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Ola Gjeilo Sunrise Mass

All Saints' Church, June 2017


Summer celebration with the Phoenix Choir


Phoenix Choir has built up a real reputation, locally, for its authentic and dramatic performances of some of the great oratorios.  On Saturday night in All Saints’ Church however, together with pianist Gavin Stevens and the Corelli Ensemble, Phoenix Choir proved again that they can turn their hand just as effectively to quite a different type of programme.


A sense of celebration was in the air from the start when the choir’s musical director, Michael Fields, appeared in his genuine 1960’s striped trousers and flowery shirt, to direct the choir and players in lively settings of three popular sixties hits, Up, up and away, Feelin Groovy and The Rhythm of Life, Fields himself also playing the ukulele and tambourine. 


This was an unusually high spirited and upbeat start for a concert that promised classical works by some great composers, but the bridge into the predominant calm of the rest of the evening was crossed seamlessly:  the 1st movement of Bach’s Concerto for two Violins is a work of timeless beauty. Maeve Jenkinson, leader of the Corelli Ensemble, gave a fine performance on 1st violin.  With closed eyes one would never have guessed that her duetting partner was a child:  twelve year old Rikart van Zyl played with remarkable strength and flair, exhibiting a maturity way beyond his years.  This young man, one felt, was simply a miniature adult, and a talented one at that.  He is surely someone we will one day be proud to have heard first in Eastbourne. 


After three beautiful, lulling choral works, by McGlynn, Whitacre and Stopford, the programme turned to works by Scandinavian composers.  The Corelli Ensemble gave a rich and passionate account of Sibelius’ Andante Festivo which beautifully set up the mood for two choral works by Morten Lauridsen. Sure on this Shining Night was a vehicle for some lovely singing from the gentlemen of the choir, here frequently given the melody.  The gentle ebb and flow of the lines was truly suggestive of a summer’s evening and brought the first half to a gentle close.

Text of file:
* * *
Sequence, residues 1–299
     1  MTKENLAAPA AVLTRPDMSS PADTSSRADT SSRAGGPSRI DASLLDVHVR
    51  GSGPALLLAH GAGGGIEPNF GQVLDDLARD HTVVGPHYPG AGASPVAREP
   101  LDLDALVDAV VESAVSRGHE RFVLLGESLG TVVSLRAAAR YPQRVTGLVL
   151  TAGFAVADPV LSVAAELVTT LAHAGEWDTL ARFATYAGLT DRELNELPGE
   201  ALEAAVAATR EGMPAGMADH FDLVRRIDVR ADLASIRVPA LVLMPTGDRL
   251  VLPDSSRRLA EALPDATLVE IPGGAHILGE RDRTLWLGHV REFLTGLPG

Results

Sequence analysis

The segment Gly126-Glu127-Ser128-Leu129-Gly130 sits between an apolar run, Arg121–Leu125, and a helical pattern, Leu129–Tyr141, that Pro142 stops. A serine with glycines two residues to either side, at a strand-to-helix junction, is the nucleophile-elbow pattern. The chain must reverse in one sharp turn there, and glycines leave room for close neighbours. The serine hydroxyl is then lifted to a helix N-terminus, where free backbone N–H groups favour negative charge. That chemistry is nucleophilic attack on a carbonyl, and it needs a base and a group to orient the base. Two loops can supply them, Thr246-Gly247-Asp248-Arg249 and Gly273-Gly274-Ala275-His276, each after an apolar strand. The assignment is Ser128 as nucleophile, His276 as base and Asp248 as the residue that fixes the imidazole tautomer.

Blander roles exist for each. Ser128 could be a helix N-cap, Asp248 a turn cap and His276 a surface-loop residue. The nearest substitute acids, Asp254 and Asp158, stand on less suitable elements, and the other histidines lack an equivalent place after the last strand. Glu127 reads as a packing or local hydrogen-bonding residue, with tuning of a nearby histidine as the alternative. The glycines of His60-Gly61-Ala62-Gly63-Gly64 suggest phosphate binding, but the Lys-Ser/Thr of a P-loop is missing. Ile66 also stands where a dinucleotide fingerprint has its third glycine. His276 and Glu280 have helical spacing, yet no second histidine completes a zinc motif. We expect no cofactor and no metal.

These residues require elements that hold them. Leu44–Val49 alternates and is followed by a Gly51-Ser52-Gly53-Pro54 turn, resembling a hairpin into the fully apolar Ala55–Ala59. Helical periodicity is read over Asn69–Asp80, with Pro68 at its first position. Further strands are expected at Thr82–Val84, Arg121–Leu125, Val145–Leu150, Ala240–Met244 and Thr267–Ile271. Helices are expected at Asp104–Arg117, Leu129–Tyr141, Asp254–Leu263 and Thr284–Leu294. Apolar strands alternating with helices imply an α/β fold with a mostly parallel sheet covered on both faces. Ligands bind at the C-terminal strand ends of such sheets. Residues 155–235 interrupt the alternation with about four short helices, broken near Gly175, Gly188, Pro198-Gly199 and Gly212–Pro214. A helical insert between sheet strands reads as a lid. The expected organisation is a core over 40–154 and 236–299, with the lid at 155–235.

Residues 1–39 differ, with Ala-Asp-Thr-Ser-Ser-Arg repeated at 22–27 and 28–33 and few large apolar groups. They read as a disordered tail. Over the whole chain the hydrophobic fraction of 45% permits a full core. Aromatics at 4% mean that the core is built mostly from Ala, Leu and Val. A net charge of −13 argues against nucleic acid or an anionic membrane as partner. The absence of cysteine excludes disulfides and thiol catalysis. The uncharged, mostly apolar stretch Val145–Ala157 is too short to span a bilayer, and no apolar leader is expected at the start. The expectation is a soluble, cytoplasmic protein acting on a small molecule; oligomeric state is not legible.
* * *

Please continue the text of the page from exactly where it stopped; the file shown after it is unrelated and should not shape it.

The Corelli Ensemble opened the second half of the programme with Grieg’s Elegiac Melody, a work whose broad lyricism seems to portray a yearning for a vast and beautiful landscape. 


Similarly atmospheric were the soundscapes created by Ola Gjeilo in his Sunrise Mass.  This is not an easy work, but Phoenix Choir presented it with great confidence and poise.  In his four movements, Gjeilo creates four dreamlike worlds.  We knew, from the very first ethereal soprano entry in The Spheres, that this would be a memorable experience.  The overlapping voice parts created an almost womb-like echo chamber.  In Sunrise, the shimmer of the morning light was audible in the strings.  The City was an urgent pulsing and Identity and the Ground brought Heaven and earth together with a very low and grounded “pleni sunt coeli et terra gloriae tuae” (Heaven and earth are full of Thy glory) and, at the end, an almost hymn-like “Dona nobis pacem” with a solo violin then climbing back up to Heaven. 


We might quite happily have been left to float up, up and away with the first violin, but Phoenix brought us back to earth with an encore of The Rhythm of Life.  It was clear from the toe tapping and head nodding that the audience was happy to come full circle and to leave the church with a spring in its step,


This was an evening of brightness and fun as well as of beauty and pathos.  We had come in from a beautiful summer evening to hear music, and the whole of summer had been in there with us. 


Ansy Boothroyd

Phoenix Choir


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